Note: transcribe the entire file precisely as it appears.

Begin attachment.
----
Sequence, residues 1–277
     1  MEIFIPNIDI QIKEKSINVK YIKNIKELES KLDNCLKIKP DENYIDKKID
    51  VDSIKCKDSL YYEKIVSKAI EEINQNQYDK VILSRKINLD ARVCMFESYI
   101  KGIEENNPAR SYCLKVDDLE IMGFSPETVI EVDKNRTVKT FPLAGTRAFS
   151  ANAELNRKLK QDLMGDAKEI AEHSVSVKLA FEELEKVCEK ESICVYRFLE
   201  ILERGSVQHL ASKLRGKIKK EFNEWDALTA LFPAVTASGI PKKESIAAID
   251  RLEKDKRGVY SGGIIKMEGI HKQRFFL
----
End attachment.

Sequence, residues 1–277
     1  MEIFIPNIDI QIKEKSINVK YIKNIKELES KLDNCLKIKP DENYIDKKID
    51  VDSIKCKDSL YYEKIVSKAI EEINQNQYDK VILSRKINLD ARVCMFESYI
   101  KGIEENNPAR SYCLKVDDLE IMGFSPETVI EVDKNRTVKT FPLAGTRAFS
   151  ANAELNRKLK QDLMGDAKEI AEHSVSVKLA FEELEKVCEK ESICVYRFLE
   201  ILERGSVQHL ASKLRGKIKK EFNEWDALTA LFPAVTASGI PKKESIAAID
   251  RLEKDKRGVY SGGIIKMEGI HKQRFFL